National trends in child well-being
May 25, 2015 0 Comments
The Anne E. Casey Foundation is a philanthropic organization devoted to improving the welfare of children. Last year, the foundation issued the 25th edition of its KIDS COUNT Data Book.
The purpose of the book is straightforward and is summed up in the Foreword: “As a nation, we are obsessed with data and indicators when it comes to the economy. We track the gross domestic product, the Consumer Price Index, unemployment, inventories, housing starts, interest rates and so on. We monitor these numbers because they are critical to understanding where our economy is heading, and because we want to be able to respond forcefully if the numbers signal developing problems. We should be equally, if not more, concerned about the data that tell us how our children are doing: The well being of our country’s children is the most important indicator of our long-term economic and social future.”
Under the Trends section, the authors list national trends in 16 key indicators of child well-being grouped by domain. These domains include Economic Well-Being, Education, Health and Family and Community. Each domain includes four indicators.
The good, the bad and the so-so
Of the four domains, economic well-being showed the least improvement over prior study years. The domain’s four indicators–children in poverty, children whose parents lack secure employment, children living in households with a high housing cost burden, teens not in school and not working–either worsened or were unchanged. For example, in 2005, 19 percent of children lived in poverty. In 2012, around 23 percent or more than 16 million lived in poverty. In 2008, 27 percent of children had a parent or parents who lacked secure employment. This number increased to 31 percent in 2012. As of 2012, 1.4 million teens were not in school and not working. This number is unchanged from 2008 which is hardly a comfort.
On a happier note, education showed improvement, albeit marginally, across all four of its indicators. In the years 2005 – 2007, more than half of preschool-aged children were not enrolled. This number dropped 2 percent from 2010 – 2012. In 2005, 70 percent of fourth graders were not proficient in reading. This percentage dropped to 66 percent in 2013. Up to 72 percent of eighth graders displayed a lack of proficiency in math in 2005. In 2013, this number improved to 66 percent. In the years 2005-06, 27 percent of high school students failed to graduate on time but by 2011-12, this number improved to 19 percent.
Since 2005, children’s health has improved. In 2005, 8.2 percent of newborns were classified as low-birth weight babies. In 2012, this number decreased to 8 percent. In 2008, a staggering 10 percent of children in the U.S. did not have health insurance. In 2012, this number decreased to 7 percent. However, a 2012 CNN Politics report indicated 15.4 percent of children living in poverty were also uninsured. In 2005, there were 32 child and teen deaths per 100,000. In 2010, this number decreased to 26 deaths per 100,000. Six percent of teens admitted to abusing drugs or alcohol in 2005- 2006. This percentage rose slightly to 8 percent in 2011- 2012.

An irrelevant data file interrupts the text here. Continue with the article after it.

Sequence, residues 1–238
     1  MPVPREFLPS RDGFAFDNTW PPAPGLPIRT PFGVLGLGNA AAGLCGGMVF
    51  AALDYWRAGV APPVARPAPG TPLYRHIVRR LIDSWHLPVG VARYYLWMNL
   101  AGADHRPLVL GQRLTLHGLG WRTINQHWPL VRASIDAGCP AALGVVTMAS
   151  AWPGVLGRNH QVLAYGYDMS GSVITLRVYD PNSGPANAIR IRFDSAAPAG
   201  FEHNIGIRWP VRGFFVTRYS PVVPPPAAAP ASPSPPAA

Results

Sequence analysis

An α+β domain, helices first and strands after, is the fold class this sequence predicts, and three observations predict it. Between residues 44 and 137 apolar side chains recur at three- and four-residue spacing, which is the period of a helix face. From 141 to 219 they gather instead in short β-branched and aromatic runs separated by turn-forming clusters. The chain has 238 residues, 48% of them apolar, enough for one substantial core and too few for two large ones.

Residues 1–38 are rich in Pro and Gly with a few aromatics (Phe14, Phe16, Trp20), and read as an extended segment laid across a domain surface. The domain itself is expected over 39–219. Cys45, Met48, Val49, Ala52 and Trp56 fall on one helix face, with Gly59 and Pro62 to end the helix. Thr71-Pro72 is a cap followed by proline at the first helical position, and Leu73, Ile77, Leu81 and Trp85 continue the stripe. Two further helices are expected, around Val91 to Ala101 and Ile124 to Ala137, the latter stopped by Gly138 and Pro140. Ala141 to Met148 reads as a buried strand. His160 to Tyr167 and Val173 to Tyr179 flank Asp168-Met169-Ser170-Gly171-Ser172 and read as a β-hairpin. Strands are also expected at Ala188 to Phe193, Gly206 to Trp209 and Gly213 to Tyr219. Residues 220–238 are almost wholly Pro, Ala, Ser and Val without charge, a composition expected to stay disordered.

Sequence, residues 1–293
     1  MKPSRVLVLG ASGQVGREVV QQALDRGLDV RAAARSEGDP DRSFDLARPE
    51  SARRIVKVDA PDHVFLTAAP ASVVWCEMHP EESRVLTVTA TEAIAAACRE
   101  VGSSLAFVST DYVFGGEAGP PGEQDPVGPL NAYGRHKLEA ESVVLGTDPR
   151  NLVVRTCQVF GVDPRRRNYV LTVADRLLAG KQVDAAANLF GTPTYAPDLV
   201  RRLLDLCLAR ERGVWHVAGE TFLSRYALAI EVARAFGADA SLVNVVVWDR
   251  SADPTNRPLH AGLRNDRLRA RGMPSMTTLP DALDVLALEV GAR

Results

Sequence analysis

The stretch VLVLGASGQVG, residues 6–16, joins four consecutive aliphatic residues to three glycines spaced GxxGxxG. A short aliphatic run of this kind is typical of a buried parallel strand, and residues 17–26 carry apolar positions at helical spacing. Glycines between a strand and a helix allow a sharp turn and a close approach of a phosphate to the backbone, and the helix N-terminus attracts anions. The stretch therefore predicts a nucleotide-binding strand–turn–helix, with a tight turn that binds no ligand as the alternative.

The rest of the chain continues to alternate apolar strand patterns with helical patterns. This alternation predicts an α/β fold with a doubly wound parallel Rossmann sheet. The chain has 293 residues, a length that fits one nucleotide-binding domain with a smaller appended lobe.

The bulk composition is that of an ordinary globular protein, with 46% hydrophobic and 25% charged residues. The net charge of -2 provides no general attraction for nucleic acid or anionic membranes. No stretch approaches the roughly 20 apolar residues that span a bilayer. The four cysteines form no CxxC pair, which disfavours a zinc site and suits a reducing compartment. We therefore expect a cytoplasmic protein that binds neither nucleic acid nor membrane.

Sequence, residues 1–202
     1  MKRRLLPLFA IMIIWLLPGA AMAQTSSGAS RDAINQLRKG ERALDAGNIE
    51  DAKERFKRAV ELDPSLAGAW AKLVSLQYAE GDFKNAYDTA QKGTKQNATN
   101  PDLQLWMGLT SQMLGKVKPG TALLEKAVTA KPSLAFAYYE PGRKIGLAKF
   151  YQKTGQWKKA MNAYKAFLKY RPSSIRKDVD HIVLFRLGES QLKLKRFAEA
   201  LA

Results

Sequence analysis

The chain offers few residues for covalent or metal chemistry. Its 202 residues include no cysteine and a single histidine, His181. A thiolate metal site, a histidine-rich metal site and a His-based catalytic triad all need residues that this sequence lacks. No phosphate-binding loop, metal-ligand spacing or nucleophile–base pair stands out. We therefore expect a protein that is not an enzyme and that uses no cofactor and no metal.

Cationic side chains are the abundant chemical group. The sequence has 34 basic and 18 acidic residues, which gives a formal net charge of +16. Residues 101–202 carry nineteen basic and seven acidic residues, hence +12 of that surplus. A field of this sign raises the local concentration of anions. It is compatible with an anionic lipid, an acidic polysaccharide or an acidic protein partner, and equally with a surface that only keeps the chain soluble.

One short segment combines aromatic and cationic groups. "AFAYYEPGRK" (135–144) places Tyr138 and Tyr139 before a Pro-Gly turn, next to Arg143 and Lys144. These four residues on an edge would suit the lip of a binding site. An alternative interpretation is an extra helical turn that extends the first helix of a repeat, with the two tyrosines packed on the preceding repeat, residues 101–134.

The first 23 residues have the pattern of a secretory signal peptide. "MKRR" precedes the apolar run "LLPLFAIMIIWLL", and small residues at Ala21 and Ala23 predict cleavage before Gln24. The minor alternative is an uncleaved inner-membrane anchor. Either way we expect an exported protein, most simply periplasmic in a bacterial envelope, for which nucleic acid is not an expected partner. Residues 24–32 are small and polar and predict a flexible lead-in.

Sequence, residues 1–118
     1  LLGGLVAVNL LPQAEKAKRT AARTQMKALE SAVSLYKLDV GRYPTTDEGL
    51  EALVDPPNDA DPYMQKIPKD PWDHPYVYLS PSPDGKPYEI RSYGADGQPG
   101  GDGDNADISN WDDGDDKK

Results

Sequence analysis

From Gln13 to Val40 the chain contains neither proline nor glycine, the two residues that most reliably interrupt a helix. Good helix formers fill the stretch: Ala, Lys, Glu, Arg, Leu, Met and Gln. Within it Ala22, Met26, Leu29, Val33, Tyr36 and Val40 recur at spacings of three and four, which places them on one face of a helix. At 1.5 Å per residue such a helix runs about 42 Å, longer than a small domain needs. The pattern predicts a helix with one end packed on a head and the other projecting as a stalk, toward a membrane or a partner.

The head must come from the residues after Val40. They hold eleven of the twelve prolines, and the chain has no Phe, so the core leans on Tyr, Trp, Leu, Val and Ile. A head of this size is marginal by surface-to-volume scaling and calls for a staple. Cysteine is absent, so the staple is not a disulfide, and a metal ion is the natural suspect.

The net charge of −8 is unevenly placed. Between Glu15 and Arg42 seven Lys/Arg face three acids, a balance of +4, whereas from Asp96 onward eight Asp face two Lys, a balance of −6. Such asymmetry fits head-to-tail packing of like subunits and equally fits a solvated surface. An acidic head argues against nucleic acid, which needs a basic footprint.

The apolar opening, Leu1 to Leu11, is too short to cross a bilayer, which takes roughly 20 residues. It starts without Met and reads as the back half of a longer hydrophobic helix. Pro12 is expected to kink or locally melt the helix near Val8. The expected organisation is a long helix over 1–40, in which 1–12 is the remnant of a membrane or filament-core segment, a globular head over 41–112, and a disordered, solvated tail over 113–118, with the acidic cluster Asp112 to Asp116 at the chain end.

The results for the Family and Community domain were a mixed bag. Two economic indicators improved and two worsened. In 2005, 16 percent of children lived in families where the head of household did not have a high school diploma. In 2012, this number decreased to 15 percent of children. Under the teen births indicator, there were 29 per 1000 teen births in 2012. This is a significant improvement over the 40 per 1000 recorded in 2005. Sadly, the number of children living in single-parent families has increased. In 2005, 32 percent of children lived in a single-parent household. In 2012, this number increased to 35 percent.
Reversing the tide
Nothing has been as divisive to American society in the past two years as the Affordable Care Act also known as Obamacare to its detractors. But for all of its shortcomings, the program is showing results. As of October 2014, a year after the program was implemented, the number of Americans without health insurance has decreased by 25 percent. The law also states that any person under 19 with a pre-existing condition cannot be denied medical coverage.
At a more grassroots level, parents who see their children slipping through the cracks or falling prey to the myriad of problems poverty presents, should consider mentoring. Mentors can have an incredible impact on a child’s life. Children in single-parent households are more at risk to drop out of school than children living in homes where both parents are present and, while mentors cannot take the place of a parent, they can provide guidance, support and structure in a child’s life.
White River Academy is a residential boarding school located in Delta, Utah. White River focuses on treating young men with addictions and mental health disorders or a combination of both. To learn more about our programs or our curriculum, you can call us at 866-520-0905 to speak to a member of our team.
Written by Darren Fraser, Sovereign Health Group writer